• Assess process sensitivity and enhance process control
• Evaluation and testing of refined process
• Implement analysis and physical testing in full gear components
Analysis and Testing Program
Program Phase I — Feasibility Assessment
To demonstrate the potential for improving the bending fatigue strength of Pyrowear 53 steel for helicopter transmission gears by heat treatment, 25 kg (55 lbs.) of 60.3 mm (2 3/8”) diameter Pyrowear 53 bar stock was donated from DCT’s inventory. A general processing and testing program for the material was then established, as summarized in ( Table 2).
Sample Processing and Preparation
Rectangular test bar blanks were machined from the bar stock with the length of the test bar being coincident with the bar stock rolling direction. In discussion with gear engineering experts at the Army Gear Research Laboratory at NASA-Glenn and Bell Helicopter, a modified “V” notch geometry for the three-point bending fatigue sample was defined; the notch geometry was consistent with notched flexure fatigue specimens used by Bell Helicopter. The modified “V” notch has a 60° included angle with a 1.16 mm radius (0.0455”) to simulate a typical gear tooth root geometry. The test specimen configuration is shown in (Figure 1).
To most accurately capture the combined carburizing and geometry effects of a Pyrowear gear, the notched test bars were carburized only on the top surface (including the notch), as shown schematically in (%%DCT0706fig2%%). To accomplish the localized carburization, the sides and bottom surfaces of the bending fatigue samples were masked with copper plating. This is standard practice for blocking carburization of selected surfaces on aerospace parts.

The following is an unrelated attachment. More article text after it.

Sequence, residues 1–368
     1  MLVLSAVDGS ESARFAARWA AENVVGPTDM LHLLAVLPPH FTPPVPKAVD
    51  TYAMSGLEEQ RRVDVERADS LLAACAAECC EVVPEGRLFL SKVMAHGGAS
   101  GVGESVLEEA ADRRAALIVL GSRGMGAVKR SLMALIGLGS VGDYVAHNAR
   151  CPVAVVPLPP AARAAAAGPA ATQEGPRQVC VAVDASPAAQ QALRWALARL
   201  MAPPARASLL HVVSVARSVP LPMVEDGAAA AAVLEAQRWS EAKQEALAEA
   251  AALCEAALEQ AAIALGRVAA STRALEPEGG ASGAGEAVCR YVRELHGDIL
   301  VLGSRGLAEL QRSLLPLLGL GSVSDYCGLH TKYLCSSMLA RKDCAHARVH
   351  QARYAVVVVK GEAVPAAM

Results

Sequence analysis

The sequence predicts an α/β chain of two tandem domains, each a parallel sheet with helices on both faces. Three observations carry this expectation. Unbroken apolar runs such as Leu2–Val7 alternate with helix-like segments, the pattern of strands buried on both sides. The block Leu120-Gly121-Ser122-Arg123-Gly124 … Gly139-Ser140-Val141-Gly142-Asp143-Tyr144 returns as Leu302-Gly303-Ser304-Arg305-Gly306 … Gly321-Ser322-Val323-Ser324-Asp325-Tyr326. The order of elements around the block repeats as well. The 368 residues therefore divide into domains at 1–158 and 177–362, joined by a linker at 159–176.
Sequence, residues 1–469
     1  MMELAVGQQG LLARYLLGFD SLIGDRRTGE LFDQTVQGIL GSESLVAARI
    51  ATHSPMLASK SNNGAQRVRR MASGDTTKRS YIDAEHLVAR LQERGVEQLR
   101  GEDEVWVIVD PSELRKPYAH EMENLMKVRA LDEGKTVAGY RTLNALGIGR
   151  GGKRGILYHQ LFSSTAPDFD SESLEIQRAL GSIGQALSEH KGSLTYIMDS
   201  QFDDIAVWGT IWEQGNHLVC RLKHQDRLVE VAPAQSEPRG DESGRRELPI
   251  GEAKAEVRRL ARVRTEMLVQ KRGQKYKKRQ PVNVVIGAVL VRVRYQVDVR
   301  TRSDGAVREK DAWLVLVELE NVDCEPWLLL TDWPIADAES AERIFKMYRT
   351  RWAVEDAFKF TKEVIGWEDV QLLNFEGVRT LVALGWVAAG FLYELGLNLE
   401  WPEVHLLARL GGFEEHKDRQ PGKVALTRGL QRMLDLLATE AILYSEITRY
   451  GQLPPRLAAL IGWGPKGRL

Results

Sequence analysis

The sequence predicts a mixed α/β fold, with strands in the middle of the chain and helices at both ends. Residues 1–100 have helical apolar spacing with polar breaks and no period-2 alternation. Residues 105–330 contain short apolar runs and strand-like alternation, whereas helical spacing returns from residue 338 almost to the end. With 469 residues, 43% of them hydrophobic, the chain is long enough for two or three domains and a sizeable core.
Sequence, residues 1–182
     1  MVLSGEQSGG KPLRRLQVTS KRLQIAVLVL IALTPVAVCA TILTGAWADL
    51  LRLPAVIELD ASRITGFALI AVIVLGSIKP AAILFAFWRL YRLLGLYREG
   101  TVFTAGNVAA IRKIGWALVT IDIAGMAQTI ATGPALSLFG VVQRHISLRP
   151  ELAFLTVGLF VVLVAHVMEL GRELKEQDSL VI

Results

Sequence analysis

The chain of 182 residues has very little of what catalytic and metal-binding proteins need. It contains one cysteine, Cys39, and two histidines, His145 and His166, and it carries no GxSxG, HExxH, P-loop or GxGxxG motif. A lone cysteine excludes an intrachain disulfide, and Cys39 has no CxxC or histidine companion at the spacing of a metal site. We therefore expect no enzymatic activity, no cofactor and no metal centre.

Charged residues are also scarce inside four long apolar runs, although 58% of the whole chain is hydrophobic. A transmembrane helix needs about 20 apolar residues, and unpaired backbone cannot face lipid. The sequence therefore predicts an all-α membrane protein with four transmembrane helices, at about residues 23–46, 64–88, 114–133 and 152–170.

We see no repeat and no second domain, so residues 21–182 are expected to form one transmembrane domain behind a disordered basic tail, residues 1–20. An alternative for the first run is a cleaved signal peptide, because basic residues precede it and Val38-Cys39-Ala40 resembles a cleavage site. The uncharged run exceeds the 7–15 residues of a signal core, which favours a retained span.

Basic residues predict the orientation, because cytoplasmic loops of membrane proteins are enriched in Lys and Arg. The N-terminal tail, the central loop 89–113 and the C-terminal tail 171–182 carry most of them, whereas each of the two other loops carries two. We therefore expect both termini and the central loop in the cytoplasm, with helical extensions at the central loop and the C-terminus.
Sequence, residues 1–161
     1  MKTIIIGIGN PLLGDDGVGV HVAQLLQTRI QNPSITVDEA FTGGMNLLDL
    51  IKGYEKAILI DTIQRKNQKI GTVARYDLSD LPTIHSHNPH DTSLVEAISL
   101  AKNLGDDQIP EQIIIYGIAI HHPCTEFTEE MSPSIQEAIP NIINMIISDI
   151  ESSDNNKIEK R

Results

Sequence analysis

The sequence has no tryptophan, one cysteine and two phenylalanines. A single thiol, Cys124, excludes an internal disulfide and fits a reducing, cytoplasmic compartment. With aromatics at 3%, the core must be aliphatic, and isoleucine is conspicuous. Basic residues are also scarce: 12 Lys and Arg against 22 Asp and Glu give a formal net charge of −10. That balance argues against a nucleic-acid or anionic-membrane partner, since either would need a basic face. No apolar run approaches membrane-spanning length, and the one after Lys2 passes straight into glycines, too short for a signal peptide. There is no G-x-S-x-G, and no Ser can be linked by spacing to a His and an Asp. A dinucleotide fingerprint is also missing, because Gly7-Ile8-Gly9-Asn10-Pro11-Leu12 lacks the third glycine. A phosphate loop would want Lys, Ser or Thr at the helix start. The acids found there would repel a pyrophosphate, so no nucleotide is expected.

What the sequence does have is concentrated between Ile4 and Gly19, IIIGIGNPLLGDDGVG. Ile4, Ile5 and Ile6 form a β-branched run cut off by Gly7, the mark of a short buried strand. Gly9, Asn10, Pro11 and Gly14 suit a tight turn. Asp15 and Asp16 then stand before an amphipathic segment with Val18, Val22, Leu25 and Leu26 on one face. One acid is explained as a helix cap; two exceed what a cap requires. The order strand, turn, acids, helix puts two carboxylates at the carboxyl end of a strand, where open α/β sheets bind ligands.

Prior to physical heat treating, a series of heat treat models were run to characterize the respective processes to be applied to the test pieces. The use of a simulation tool provided a rapid, non-destructive, and cost-effective means of assessing both the internal metallurgical behavior during and after processing as well as the mechanical response, in terms of residual stress, hardness, and dimensional change. For this task, the heat treatment simulation software DANTE was used to characterize the carburization and two quench hardening processes selected for the program.
The Pyrowear 53 material was carburized to a carbon level of 0.80 percent and an effective case depth of 0.5 mm. The DANTE simulation employed a carburization cycle with applied carbon potential as prescribed directly from the gear OEMs. The 3-D mesh for the simulation is shown in (Figure 3).
Simulations were also performed to assess the probable effects on residual stress and hardness between oil and intensive quenching processes. (Table 3) summarizes the process steps for each of the evaluated quenching operations after carburization. Simulation of the quenching was performed through application of heat transfer coefficients for the oil or intensive quenching, and the subsequent cryogenic treatment. The DANTE tempering model was employed for the temper operation. The simulations indicated a marked enhancement in both surface and subsurface residual compression for intensive quenching. Therefore, physical processing and testing was initiated on the Pyrowear bend test coupons. Predictions of hardness and residual stress are compared against measured values in the next section.